Common Pricing Models for Merchant Accounts

Article by Total Merchants.

As you’re reviewing your compamerchant-accountsny’s operational expenses, one area you will find can use some improvement is how you accept payments. Cutting merchant credit card processing fees, or associated fees, is an excellent way to pocket more of the money your business makes without cutting employees or resources. If you understand the basic pricing principles behind these accounts, it should be easier to see whether an account is truly a good deal for you or not.

Basic Models

Every merchant account uses one of three standard pricing tiers to rate your service: flat rate, tiered pricing, and interchange plus. Flat rate, which is championed by companies like Square, is a pretty good option for companies that don’t process a lot of transactions. The flat rate will, more often than not, save these freelancers and very small businesses a lot of money during the first years of their operation. They don’t need to pay for ancillary things, like payment gateway services, either.

Simplicity is key for flat rate models. Businesses will usually pay more for these systems, but the trade off is they don’t pay other fees to use them.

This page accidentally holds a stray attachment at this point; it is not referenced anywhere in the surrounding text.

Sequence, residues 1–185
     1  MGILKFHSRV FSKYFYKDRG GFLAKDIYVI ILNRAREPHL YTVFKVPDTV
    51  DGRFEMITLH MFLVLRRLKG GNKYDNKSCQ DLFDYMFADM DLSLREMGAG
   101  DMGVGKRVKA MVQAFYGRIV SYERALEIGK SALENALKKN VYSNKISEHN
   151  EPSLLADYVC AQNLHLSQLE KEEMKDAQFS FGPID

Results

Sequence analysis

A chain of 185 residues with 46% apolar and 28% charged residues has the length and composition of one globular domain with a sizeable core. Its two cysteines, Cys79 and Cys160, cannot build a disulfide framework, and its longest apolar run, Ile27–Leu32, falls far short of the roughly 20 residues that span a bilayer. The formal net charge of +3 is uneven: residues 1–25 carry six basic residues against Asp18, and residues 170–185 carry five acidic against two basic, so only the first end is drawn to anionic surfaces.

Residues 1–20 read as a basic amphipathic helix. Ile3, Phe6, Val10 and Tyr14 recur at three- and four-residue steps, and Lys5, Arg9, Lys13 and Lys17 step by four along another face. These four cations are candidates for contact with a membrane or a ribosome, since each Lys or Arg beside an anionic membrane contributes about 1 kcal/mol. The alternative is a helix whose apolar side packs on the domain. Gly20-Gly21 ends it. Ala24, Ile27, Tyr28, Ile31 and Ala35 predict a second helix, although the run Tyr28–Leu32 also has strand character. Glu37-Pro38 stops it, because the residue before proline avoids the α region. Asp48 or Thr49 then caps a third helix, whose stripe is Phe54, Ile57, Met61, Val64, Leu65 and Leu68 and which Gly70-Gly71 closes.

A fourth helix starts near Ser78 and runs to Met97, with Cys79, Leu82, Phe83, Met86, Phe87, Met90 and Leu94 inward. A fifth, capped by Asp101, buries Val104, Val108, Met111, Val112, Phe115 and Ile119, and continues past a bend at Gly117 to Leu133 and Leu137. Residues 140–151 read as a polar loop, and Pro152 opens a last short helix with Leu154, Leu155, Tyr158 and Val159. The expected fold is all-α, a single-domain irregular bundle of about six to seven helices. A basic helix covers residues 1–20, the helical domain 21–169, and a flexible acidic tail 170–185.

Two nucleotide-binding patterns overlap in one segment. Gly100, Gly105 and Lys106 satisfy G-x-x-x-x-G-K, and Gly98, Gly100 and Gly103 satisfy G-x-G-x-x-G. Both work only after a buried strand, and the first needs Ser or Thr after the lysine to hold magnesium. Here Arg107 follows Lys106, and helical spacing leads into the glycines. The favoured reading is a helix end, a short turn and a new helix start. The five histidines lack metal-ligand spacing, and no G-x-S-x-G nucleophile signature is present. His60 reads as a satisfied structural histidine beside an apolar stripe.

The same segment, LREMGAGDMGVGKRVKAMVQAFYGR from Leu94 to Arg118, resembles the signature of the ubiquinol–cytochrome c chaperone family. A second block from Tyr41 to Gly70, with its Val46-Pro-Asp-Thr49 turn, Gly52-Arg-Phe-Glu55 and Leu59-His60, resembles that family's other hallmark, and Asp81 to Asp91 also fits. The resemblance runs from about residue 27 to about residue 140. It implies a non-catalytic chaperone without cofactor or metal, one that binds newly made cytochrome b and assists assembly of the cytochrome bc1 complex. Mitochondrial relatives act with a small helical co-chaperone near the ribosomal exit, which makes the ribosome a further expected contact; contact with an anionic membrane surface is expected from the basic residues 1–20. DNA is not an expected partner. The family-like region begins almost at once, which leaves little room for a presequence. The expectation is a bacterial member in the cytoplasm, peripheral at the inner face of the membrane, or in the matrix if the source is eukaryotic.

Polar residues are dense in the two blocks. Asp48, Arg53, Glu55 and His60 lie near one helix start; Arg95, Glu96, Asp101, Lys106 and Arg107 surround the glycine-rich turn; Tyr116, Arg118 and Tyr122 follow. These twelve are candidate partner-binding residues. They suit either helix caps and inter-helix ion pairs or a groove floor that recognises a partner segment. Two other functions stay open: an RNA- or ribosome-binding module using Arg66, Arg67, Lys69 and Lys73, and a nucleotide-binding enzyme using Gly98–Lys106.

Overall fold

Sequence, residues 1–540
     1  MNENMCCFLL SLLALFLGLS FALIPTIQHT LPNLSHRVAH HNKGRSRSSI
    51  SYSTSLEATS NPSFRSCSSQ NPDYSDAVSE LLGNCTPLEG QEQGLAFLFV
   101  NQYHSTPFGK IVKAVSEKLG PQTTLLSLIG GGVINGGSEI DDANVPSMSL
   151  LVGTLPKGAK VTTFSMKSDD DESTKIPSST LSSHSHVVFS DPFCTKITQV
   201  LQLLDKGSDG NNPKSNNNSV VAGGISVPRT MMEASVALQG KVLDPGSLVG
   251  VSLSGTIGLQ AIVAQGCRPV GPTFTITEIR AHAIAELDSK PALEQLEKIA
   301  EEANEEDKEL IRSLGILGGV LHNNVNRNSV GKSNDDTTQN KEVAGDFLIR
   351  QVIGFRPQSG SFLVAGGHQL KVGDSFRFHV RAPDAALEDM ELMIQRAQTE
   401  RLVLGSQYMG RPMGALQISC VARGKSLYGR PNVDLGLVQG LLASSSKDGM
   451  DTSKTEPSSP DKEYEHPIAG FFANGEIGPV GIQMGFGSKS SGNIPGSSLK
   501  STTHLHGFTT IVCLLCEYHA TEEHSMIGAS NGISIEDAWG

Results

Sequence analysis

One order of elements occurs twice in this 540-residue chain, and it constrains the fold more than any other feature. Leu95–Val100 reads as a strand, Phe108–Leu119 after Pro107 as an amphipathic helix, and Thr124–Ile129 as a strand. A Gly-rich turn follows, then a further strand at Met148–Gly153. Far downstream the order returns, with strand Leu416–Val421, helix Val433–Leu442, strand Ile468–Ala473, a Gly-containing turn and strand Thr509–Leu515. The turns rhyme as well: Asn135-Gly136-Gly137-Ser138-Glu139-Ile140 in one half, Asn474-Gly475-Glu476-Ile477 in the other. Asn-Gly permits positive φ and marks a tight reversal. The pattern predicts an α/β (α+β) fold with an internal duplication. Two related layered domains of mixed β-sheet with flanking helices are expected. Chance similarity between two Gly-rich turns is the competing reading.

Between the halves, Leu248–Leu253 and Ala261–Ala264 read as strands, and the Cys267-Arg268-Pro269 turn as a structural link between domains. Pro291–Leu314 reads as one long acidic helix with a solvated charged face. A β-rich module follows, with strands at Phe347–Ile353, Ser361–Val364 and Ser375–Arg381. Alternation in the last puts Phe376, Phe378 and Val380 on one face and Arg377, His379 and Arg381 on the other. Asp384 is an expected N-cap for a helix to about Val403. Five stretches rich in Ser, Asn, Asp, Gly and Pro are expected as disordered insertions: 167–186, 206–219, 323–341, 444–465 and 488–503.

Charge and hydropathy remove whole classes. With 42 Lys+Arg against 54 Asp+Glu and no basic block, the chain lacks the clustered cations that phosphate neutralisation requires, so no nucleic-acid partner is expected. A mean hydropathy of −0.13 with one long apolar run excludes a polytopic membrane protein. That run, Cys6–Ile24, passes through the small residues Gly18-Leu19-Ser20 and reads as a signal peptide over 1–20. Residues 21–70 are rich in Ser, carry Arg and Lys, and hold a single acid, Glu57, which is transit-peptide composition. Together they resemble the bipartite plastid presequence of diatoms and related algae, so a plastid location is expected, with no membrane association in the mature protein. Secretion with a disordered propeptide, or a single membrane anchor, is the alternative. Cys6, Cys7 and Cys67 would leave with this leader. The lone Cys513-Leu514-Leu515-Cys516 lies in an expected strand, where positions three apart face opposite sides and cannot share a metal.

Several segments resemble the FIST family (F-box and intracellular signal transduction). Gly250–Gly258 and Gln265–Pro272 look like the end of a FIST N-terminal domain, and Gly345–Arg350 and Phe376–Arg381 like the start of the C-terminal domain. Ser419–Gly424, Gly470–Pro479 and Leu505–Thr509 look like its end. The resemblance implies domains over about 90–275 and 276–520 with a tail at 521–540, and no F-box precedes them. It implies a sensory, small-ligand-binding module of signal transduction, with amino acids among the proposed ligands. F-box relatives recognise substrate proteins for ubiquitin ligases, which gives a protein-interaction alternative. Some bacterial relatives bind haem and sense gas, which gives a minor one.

Tiered pricing is the next model, and you can break tiered pricing down into qualified, mid-qualified and non-qualified tiers. These packages are designed for businesses to have more options, and they are also simplified. A decent choice for businesses that are small to mid-sized, and need a simple solution to accept payments online.

The final model is interchange plus, which usually saves money for businesses processing more than $2,000 each month. The interchange is basically the wholesale rate a card brand would charge to process a transaction. You’ll pay that rate, plus a pre-negotiated markup. If you hunt around, you’ll find a low markup rate too. It’s a lot to take in, but knowing the differences in these accounts will help save you money throughout your business’ lifespan.